An Ontological Structure for Semantic Retrieval Based on Description Logics

An Ontological Structure for Semantic Retrieval Based on Description Logics

Hongwei Wang (Tongji University, China), James N. K. Liu (The Hong Kong Polytechnic University, China) and Wei Wang (Fudan University, China)
DOI: 10.4018/978-1-61520-819-7.ch006
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Abstract

Current information retrieval either relies on encoding process to describe given item or perform a full-text analysis to search for user-specified words. However, these syntax-based methods only reflect part of the content, so they can hardly ensure content matching. Ontology is an explicit specification of conceptualizations, which can explicitly and formally express the semantic of the concepts and their relationships. Therefore the domain ontology is better for information retrieval at semantic level. The ontological structure is determined by its specific applications. Although there are already several views on ontological structures in different contexts, the word association derived from reasoning the semantic relations between terms, the key point for semantic retrieval, has not been solved properly yet. This chapter proposes a six-element based ontological structure for semantic retrieval, and use description logic to semantically describe the atomic term, complex terms, instances, instances description, attribute assignment and axioms. Then, the new structure is evaluated by the Gruber’s criteria including explicitness and objectivity, consistency, extensibility, minimal encoding bias and minimal ontological commitment. Based on the new structure, we propose two reasoning mechanisms, i.e., terms-oriented and instances-oriented, for semantic retrieval application. Meanwhile, conversion mechanisms and determining algorithms are also proposed, which enable the reasoning for various relations in a specific area according to the rules made by domain experts. Finally, we put forward four kinds of rules for information retrieval, and analyze the applications of the new structure in semantic retrieval.
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Introduction

The contents on the Internet are changing every day. We are witnessing today an exponential growth of data accumulated within organizations and systems. Autonomous data repositories storing different types of data are becoming available for us. This makes it impossible for users to be aware of the locations, structure, query languages and semantics of the data in various repositories. Without the efficient retrieval tools, users have no way to position the exact location where their needed information is. So users have to blindly search every possible server. Obviously, it may be time consuming. Current retrieval methods are mainly based on man-made subject directories or keywords matching. These syntax-based methods with limitations to reveal semantic information only reflect part of the content, so they can hardly ensure content matching (Zghal, Aufaure, & Mustapha, 2007; Köhler, Philippi, Specht, & Rüegg, 2006).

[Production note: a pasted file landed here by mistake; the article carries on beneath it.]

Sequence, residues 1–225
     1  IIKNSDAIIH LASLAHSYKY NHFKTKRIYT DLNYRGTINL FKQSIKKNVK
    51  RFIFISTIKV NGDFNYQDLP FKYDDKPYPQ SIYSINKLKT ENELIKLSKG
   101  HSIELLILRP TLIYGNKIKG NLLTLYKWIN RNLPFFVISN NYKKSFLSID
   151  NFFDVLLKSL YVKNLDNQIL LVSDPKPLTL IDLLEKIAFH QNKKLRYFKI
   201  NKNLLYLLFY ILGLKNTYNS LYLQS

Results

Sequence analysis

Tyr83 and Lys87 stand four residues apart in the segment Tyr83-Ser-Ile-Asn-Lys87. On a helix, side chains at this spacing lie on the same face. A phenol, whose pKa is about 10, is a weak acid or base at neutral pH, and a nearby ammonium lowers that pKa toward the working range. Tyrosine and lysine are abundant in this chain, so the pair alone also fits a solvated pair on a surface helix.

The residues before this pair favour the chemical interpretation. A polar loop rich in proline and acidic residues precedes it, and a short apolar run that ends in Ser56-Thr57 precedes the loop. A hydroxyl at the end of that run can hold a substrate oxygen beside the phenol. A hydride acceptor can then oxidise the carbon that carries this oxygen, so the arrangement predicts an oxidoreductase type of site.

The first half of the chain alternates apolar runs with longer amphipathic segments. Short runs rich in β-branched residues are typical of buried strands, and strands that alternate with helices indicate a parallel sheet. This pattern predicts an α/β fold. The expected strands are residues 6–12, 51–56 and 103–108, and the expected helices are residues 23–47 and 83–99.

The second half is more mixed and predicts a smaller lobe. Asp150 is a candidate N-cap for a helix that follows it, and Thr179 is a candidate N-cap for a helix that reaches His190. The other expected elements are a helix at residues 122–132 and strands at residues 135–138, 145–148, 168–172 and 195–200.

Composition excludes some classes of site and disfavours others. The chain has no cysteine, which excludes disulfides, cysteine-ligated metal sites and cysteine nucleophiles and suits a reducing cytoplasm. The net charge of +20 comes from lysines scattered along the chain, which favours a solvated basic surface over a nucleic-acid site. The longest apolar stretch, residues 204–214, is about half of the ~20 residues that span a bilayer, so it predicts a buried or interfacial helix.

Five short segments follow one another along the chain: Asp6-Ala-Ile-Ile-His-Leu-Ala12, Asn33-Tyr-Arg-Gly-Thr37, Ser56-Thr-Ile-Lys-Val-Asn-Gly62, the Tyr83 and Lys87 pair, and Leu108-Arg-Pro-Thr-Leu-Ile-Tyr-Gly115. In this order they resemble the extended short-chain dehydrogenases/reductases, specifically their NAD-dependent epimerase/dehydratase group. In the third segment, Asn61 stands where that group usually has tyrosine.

Figure1 shows the general process of the Chinese information retrieval, including segmentation, word association, searching in database and information integration, among which, segmentation, searching in database and information integration have already been studied in-depth (Foo & Li, 2004; Zhang, Lu, & Zou, 2004; Feng, Hu, Zhao, & Yi, 2006; Fu, Kit, & Webster, 2008; Wang & Du, 2003; Shah, Finin, Joshi, Cost, & Matfield, 2002). In recent years, research efforts focus on word association relating keyword Ti to term set {ti1, ti2, …, tim}. In this process, most search engines use the syntactic matching method. That is, to set up a data dictionary, then to search by strictly matching and combinations. This method, however, often gets blunt feedback due to the lack of semantic understanding. For example, if searching for “computer”, the feedback may contain “computer mall”, “portable computer” and so on, but does not or rarely refer to “laptop”. If the word association is available semantically, the efficiency of information retrieval would be promoted (Gruber, 1993a; Guarino, Masolo, Vetere, & Council, 1999; Freitas & Bittencourt, 2000; Finin, Ding, Pan, Joshi, & Kolari, 2005).

Figure 1.

The general process of information retrieval

Ontology is a useful tool to support the process of word association. In the context of computer and information sciences, an ontological model defines a set of representational primitives with which to model a domain of knowledge or discourse. The representational primitives are typically classes (or sets), attributes (or properties), and relationships (or relations among class members). The definitions of the representational primitives include information about their meaning and constraints on their logically consistent application. In the context of database systems, ontology can be viewed as a level of abstraction of data models, analogous to hierarchical and relational models, but intended for modeling knowledge about individuals, their attributes, and their relationships to other individuals. Ontologies are typically specified in languages that allow abstraction away from data structures and implementation strategies; in practice, the languages of ontologies are closer in expressive power to first-order logic than languages used to model databases. For this reason, ontologies are said to be at the semantic level, whereas database schema are models of data at the syntactical or physical level. Due to their independence from lower level data models, ontologies are used for integrating heterogeneous databases, enabling interoperability among disparate systems, and specifying interfaces to independent, knowledge-based services.

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